Figure 1: The proteins Erk1 and Erk2 control a transcription factor network that allows B lymphocyte progenitors to traverse the pre-BCR developmental checkpoint.
Researchers have pinpointed the proteins required for transduction of signals directing the development of B lymphocytes, a type of immune cell. Responsible for producing antibodies capable of neutralizing invading microbes, B lymphocytes develop in the bone marrow and, in mature form, circulate throughout the body through the blood and lymphoid organs.
Before exiting the bone marrow, B lymphocyte precursors are propelled through a series of distinct developmental stages. Progression through early stages depends largely on signals triggered by extracellular growth factors, whereas passage through some later stages requires a signal from the pre-BCR, a receptor expressed on the surface of B lymphocyte precursors.
Pre-BCR signals culminate in the induction of gene transcription in the nucleus. Although the cell-surface proteins responsible for initiating pre-BCR signals have been identified, Tomoharu Yasuda and co-workers at RIKEN’s Research Center for Allergy and Immunology in Yokohama set out to identify proteins further down the pre-BCR signaling pathway.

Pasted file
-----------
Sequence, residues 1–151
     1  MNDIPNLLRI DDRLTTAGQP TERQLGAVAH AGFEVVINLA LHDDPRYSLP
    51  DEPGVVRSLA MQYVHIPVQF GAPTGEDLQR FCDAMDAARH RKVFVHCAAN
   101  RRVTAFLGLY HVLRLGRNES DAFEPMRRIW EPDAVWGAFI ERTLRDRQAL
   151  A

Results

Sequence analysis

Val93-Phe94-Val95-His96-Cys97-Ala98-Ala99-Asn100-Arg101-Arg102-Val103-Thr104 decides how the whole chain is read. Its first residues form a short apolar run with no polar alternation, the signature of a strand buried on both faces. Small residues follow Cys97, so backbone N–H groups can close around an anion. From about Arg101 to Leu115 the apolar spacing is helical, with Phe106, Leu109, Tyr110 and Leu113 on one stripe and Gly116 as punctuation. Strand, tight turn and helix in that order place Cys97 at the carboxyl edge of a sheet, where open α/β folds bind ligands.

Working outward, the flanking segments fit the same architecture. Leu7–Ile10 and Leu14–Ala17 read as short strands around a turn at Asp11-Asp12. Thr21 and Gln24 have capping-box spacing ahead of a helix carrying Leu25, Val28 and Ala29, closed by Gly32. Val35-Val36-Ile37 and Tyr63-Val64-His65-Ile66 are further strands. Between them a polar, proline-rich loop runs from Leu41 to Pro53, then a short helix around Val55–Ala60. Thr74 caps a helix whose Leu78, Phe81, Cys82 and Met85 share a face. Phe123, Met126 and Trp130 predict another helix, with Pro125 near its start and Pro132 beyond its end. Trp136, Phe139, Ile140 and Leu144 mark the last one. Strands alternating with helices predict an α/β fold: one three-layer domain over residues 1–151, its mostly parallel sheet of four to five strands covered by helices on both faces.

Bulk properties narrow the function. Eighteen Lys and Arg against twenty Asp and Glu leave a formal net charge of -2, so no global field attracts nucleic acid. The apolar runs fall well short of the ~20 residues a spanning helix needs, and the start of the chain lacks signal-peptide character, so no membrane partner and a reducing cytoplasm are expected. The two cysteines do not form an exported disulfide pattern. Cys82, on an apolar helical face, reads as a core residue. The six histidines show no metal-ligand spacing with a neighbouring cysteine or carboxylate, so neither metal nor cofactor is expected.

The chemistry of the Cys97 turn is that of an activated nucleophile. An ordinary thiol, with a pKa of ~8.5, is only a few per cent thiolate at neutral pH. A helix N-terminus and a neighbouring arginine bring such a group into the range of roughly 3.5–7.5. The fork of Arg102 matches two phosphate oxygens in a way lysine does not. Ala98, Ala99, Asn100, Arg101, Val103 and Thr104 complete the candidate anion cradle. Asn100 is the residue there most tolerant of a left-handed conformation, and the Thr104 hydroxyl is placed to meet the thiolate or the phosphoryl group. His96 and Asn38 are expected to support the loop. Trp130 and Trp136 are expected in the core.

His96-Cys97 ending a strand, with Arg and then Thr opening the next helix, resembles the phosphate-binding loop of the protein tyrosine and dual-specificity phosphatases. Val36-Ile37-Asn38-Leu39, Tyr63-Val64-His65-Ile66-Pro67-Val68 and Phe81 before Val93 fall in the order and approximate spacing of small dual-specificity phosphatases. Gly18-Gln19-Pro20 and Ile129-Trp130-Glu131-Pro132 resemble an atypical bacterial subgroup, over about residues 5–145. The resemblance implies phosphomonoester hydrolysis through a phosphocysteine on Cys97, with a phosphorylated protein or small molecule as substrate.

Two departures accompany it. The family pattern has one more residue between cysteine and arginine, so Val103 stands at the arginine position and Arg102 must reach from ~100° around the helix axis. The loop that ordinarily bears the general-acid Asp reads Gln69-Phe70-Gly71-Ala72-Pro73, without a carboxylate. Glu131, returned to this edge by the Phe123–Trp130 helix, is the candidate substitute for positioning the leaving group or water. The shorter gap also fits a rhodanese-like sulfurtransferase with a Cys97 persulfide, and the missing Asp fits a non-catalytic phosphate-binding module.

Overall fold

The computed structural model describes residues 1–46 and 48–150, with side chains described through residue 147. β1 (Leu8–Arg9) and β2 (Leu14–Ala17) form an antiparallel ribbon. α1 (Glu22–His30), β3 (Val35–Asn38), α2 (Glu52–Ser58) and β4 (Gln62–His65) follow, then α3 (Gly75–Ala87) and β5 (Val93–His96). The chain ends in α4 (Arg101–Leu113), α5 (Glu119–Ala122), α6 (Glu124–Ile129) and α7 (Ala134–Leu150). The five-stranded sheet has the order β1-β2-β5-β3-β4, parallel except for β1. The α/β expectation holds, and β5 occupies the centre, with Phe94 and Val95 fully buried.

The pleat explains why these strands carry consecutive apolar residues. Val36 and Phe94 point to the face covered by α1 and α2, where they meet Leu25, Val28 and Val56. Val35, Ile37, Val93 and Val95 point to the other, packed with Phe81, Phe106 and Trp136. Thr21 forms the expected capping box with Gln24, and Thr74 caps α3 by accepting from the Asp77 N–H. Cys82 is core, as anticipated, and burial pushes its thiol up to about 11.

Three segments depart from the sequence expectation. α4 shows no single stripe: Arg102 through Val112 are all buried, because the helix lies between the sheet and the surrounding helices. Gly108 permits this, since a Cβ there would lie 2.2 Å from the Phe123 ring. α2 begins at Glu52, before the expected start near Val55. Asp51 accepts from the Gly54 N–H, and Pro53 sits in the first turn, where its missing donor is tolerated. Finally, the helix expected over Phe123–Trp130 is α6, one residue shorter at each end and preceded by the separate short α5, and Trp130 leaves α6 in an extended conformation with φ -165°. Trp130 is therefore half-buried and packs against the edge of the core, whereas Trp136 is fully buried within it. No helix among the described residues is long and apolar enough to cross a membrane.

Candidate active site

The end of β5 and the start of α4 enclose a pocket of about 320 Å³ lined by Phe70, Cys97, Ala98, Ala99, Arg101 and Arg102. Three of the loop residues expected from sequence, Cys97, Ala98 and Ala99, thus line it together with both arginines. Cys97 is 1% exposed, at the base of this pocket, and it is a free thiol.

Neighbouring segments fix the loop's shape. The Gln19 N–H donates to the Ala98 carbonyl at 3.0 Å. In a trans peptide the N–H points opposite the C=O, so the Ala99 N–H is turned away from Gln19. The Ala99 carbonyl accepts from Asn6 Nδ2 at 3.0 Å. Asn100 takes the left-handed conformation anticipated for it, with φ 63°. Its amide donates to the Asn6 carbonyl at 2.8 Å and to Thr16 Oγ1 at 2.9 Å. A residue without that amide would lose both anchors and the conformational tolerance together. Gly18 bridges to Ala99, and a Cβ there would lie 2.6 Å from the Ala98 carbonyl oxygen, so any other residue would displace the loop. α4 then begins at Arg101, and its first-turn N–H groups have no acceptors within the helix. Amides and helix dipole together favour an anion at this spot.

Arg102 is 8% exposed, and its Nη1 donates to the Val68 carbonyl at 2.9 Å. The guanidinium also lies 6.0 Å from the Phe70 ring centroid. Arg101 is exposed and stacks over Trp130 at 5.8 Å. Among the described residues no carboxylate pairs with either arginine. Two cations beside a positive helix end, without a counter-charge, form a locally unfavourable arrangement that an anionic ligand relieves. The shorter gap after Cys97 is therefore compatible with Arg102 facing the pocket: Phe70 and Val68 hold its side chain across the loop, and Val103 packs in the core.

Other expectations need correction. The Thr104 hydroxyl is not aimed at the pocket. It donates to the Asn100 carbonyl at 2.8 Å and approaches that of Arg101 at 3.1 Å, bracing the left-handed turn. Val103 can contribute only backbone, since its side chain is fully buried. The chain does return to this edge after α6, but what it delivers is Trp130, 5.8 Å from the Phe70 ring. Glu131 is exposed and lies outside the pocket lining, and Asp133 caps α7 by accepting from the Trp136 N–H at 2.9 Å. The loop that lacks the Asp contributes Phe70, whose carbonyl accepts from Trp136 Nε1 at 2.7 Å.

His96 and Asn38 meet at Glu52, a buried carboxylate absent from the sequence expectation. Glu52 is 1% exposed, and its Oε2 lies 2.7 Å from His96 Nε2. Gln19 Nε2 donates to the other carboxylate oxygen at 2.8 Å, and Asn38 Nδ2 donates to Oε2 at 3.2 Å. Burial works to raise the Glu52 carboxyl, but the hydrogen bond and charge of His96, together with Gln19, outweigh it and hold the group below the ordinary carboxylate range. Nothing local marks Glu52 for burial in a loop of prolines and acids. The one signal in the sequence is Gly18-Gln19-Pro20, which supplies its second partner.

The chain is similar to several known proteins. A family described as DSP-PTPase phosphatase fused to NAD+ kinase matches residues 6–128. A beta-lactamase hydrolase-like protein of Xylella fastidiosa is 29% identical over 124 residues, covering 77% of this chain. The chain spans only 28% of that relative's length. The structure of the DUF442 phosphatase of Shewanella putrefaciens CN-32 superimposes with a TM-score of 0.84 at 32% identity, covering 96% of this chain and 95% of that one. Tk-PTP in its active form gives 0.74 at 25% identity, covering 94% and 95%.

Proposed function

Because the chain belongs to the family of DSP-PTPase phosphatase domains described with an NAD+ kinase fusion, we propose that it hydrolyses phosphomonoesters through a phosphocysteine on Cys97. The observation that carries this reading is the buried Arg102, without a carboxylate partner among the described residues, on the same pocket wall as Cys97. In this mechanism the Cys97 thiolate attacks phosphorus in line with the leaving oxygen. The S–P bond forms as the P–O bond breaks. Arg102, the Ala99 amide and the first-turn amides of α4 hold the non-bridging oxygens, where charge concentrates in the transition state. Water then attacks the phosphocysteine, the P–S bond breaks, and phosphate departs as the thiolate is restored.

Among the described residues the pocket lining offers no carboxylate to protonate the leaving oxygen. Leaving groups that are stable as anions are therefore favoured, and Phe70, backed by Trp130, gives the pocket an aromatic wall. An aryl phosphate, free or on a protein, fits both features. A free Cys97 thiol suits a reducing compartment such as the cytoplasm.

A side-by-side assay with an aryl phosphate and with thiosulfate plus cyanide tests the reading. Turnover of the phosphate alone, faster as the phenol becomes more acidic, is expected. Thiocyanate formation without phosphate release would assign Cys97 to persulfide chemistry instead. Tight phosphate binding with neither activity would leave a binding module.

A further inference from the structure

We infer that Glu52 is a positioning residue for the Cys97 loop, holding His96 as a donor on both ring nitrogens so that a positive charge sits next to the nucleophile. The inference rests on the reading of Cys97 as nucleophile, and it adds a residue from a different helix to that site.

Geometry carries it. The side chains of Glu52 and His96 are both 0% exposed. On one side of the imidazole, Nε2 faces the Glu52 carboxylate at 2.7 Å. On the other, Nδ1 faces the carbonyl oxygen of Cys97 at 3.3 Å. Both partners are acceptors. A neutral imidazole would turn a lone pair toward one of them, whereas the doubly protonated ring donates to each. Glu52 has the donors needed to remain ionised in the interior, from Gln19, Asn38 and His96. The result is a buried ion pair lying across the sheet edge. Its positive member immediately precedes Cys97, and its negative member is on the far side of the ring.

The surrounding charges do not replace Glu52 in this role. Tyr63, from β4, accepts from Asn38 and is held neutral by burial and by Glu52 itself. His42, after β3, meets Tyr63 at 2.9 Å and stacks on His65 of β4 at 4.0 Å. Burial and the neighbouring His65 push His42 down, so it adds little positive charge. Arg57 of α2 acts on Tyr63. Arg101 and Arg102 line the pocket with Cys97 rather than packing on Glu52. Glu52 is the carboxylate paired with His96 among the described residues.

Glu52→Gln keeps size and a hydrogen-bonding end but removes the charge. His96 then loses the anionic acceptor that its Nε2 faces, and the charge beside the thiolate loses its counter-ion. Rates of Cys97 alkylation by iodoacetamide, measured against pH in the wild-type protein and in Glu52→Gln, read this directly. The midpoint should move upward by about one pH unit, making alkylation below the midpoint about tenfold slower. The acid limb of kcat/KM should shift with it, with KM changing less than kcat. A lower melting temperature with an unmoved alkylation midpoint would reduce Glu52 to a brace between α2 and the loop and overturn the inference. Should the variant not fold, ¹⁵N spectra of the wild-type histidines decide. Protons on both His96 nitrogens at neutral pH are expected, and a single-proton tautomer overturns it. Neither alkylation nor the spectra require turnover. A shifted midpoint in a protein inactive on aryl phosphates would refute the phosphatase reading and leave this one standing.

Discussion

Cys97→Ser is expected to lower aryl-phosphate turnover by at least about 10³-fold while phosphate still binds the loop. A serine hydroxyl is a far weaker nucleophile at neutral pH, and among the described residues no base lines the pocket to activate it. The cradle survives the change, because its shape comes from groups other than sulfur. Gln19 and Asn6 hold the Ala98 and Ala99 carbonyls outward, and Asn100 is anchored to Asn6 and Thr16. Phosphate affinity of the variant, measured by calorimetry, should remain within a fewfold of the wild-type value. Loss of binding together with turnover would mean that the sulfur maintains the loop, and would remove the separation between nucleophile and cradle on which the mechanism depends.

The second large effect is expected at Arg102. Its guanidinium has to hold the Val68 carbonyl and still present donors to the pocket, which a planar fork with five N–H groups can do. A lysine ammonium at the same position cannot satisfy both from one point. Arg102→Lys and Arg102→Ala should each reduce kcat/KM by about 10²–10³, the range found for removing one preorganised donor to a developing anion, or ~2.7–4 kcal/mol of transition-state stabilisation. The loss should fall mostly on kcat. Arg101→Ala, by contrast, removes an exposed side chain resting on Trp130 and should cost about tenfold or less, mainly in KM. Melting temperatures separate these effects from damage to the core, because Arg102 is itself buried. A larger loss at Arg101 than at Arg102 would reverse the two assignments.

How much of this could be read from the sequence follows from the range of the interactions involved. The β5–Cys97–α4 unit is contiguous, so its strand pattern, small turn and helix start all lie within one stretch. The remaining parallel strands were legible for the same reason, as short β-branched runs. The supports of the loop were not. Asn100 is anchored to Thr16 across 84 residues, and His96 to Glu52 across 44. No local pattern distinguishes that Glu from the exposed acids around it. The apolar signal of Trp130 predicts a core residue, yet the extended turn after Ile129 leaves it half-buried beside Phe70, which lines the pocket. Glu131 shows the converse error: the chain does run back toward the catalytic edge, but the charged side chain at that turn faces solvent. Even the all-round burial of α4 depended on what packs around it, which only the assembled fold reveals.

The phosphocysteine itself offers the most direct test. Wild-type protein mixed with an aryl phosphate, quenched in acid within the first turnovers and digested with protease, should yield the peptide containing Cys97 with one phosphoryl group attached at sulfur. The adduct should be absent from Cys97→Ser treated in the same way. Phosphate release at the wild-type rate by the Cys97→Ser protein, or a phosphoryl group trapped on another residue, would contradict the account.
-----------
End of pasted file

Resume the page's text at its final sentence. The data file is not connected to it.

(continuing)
The team focused on the related proteins Erk1 and Erk2, which transduce signals by phosphorylating, or ‘tagging’ downstream target proteins. Using genetic techniques, the researchers generated mice in which Erk1, Erk2 or both Erk1 and Erk2 are deleted or ‘knocked out’ on demand1.
Compared to normal mice or those lacking either Erk1 or Erk2, mice lacking both Erk1 and Erk2 exhibited an almost complete block in development beyond the stage during which pre-BCR signaling occurs. Despite normal surface pre-BCR expression, these ‘double knockout’ precursors showed impaired proliferation and survival.
Consistent with the defects of the double-knockout cells, B lymphocyte precursors treated with an inhibitor of Erk activity expressed lower amounts of immediate early genes (IEG), which are required for population expansion.
As Erk1 and Erk2 do not directly bind to DNA, the team searched for DNA-binding factors that link Erk proteins with IEG upregulation. Noting the presence of binding sites for the factors Elk and CREB in the DNA regions controlling IEG expression, the team showed that pre-BCR-induced Erk activation results in Elk and CREB phosphorylation (Fig. 1).
Illustrating the importance of Erk activity in B lymphocyte development, forced expression of mutant forms of Elk and CREB that lack Erk phosphorylation sites blocked pre-BCR-induced population expansion.
“Pre-BCR signals transmitted through Erk and downstream transcription factors are critical for pre-B cell proliferation,” says Yasuda. “Drugs able to promote or suppress such molecular activity may be useful for treatment of acute lymphobastic leukemia or immune deficiency disorders.”